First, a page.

There are all kinds of problems with Peeple's premise. Despite its founders' promises that bullying and harassment won't be tolerated (helped slightly by the fact that users must be over 21 and use their full name and Facebook profile to comment), it seems impossible that they'll be able to moderate this effectively. And as we've learned from sites like TripAdvisor or Yelp, the majority of reviews are from those seeking to boost the company's reputation, rivals, or angry customers - it's rare to see one that's balanced and helpful.

Yet the biggest flaw of all is the assumption that public rating and shaming has a place, or is even acceptable, in our society. There's something fundamentally broken in the app's presmise, which is summarised in its tagline, "character is destiny".  As western society has moved on from earlier ages where people were fundamentally changed in the eyes of the law and public into "criminals" by virtue of their deeds, or a time where a woman was utterly defined by her sexual acts, we've ceased to accept this as truth. The app's whole set-up assumes that someone who has offended a co-worker is likely to do it again, or a positive review from a partner makes it likely you'll enjoy a good relationship with them. As a society, we accept that some violent criminals are likely to re-offend, but we also see the value of rehabilitation, and can accept that people make mistakes they're unlikely to repeat. 

The dark side of social media is that it moves us backwards on this front. It allows permanent imprints of our online lives to be seen by everyone, to the extent where they seem to represent us. Victims of cyberbullying terrified that naked photos of them will be released, or people who make public gaffes on social media, become reduced to and defined by single acts. The mental health deterioration (and sometimes  suicide) that follows these shamings hints at how unnatural it is for single actions to change lives in such disproportionate ways.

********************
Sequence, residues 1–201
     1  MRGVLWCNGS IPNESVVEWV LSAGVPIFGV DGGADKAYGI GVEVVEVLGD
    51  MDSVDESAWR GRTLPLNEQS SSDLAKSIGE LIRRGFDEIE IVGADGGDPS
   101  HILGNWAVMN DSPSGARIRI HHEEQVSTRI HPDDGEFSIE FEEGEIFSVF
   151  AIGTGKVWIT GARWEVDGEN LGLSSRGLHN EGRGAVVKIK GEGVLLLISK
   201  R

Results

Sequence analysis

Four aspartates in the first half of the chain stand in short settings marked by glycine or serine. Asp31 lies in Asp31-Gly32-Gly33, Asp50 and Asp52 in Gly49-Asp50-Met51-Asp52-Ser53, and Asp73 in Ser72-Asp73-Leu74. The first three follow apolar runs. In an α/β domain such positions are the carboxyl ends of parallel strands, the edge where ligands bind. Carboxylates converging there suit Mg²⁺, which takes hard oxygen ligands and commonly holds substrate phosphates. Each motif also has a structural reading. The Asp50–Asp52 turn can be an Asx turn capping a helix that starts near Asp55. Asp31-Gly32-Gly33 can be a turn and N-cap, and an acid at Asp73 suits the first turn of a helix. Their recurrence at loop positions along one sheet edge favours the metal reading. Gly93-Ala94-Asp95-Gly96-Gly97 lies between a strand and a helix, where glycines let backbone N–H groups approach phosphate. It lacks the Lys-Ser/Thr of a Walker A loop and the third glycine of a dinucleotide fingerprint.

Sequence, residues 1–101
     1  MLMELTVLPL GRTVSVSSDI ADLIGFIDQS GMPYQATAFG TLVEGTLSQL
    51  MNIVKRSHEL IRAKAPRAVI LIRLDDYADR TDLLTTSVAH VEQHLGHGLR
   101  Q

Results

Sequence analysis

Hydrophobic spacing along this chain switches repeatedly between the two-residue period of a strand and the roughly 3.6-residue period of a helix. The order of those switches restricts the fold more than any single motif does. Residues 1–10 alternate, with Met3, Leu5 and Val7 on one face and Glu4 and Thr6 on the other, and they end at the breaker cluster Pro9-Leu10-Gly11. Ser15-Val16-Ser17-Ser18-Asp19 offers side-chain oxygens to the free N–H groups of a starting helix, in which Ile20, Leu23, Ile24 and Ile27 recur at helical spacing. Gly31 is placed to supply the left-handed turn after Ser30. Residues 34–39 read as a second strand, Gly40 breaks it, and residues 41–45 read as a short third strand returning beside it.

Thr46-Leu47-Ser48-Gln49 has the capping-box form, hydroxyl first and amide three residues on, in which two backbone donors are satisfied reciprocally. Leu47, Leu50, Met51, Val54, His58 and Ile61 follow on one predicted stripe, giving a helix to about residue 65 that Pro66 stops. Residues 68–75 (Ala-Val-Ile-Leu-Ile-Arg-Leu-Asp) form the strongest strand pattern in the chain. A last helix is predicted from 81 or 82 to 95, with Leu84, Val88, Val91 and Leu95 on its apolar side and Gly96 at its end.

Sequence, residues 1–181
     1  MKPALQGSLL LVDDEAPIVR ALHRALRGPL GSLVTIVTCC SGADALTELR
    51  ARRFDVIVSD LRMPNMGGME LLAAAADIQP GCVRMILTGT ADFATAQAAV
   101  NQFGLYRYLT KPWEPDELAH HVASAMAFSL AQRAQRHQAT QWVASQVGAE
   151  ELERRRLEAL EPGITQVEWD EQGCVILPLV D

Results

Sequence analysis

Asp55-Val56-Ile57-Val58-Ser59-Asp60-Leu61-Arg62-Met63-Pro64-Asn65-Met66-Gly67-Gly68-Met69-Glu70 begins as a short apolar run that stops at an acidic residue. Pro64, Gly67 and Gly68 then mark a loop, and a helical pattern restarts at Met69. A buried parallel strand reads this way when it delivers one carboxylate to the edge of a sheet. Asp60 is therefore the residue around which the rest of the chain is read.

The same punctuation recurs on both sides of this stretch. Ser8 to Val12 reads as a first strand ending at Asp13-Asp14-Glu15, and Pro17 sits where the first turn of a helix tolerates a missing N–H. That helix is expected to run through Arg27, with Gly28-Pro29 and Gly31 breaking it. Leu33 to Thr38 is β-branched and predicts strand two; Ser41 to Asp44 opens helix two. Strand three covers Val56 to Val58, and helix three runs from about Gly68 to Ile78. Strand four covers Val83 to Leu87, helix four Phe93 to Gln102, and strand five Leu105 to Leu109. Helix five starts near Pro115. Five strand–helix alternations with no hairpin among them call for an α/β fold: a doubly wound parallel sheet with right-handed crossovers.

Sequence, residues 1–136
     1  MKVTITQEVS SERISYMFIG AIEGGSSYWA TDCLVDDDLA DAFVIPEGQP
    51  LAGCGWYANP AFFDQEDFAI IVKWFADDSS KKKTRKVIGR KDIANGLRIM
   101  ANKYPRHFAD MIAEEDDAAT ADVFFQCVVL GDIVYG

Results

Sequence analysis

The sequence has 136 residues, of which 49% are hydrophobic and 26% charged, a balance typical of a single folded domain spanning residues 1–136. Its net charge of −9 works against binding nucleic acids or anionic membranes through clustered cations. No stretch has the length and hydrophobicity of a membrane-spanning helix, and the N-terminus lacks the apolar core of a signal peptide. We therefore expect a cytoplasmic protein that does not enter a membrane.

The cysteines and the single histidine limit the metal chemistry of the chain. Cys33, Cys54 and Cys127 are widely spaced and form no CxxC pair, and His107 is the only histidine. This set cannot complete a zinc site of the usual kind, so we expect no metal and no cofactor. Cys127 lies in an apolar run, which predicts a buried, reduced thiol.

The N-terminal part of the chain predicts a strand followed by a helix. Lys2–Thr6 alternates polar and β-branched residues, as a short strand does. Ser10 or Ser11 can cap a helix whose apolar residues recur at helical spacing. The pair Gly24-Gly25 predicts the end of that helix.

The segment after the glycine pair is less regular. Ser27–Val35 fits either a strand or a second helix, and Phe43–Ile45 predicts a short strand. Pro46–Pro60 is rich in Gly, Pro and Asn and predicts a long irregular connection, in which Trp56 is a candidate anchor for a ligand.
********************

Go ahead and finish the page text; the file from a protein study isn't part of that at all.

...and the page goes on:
Jon Ronson, author of So you've been publicly shamed, which cleverly links the current culture of internet shaming with a legal past where criminals were shamed indefinitely as criminals for a single illegal act, seems chilled by the prospect of Peeple:

As one review of Ronson's book noted:

As Ronson makes patently clear, all these people’s punishments by far outweighed the gravity of their so-called crimes. In fact, having researched the history of public shaming in America in the Massachusetts Archives, he can only conclude that Lehrer, for one, was humiliated to a degree that would have been thought excessive even in the 18th century, the Puritans of New England having seemingly worked out that to ruin a person in front of his fellows is also to refuse him a second chance in life.

As Ronson explores in his book, extreme public shaming doesn't make us better people, or encourage us not to repeat offend: it shuts us down and exiles us from society in a way that benefits no one. (This makes Peeple's URL – – seem grimly ironic). What Ronson calls "chronic shame" occurs when our regretted actions harden into something far greater, something we allow to become part of ourselves. As Gershen Kaufman, a scholar of shame, notes:  "Shame is the most disturbing experience individuals ever have about themselves; no other emotion feels more deeply disturbing because in the moment of shame the self feels wounded from within."

We also shouldn't be forever defined by a clutch of "good" actions, or people who see some benefit in leaving us gushing reviews. Those who measure their worth through social media come to rely on the endorphins sparked by small online interactions and boosts to their confidence, at the expense of the more slow-burning satisfaction of real life. A single person's thoughts about us are relatively inconsequential, whether positive or negative - but they're given far greater weight on the internet  by virtue of their permanence and publicity.

In Mary Gordon's novella The Rest of Life, a character wishes that someone had told her earlier that "the world is large and will absorb the errors you innocently make". If we're to avoid tearing each other to pieces, we need to make sure that this remains the case. 

Barbara Speed is a technology and digital culture writer at the New Statesman and a staff writer at CityMetric.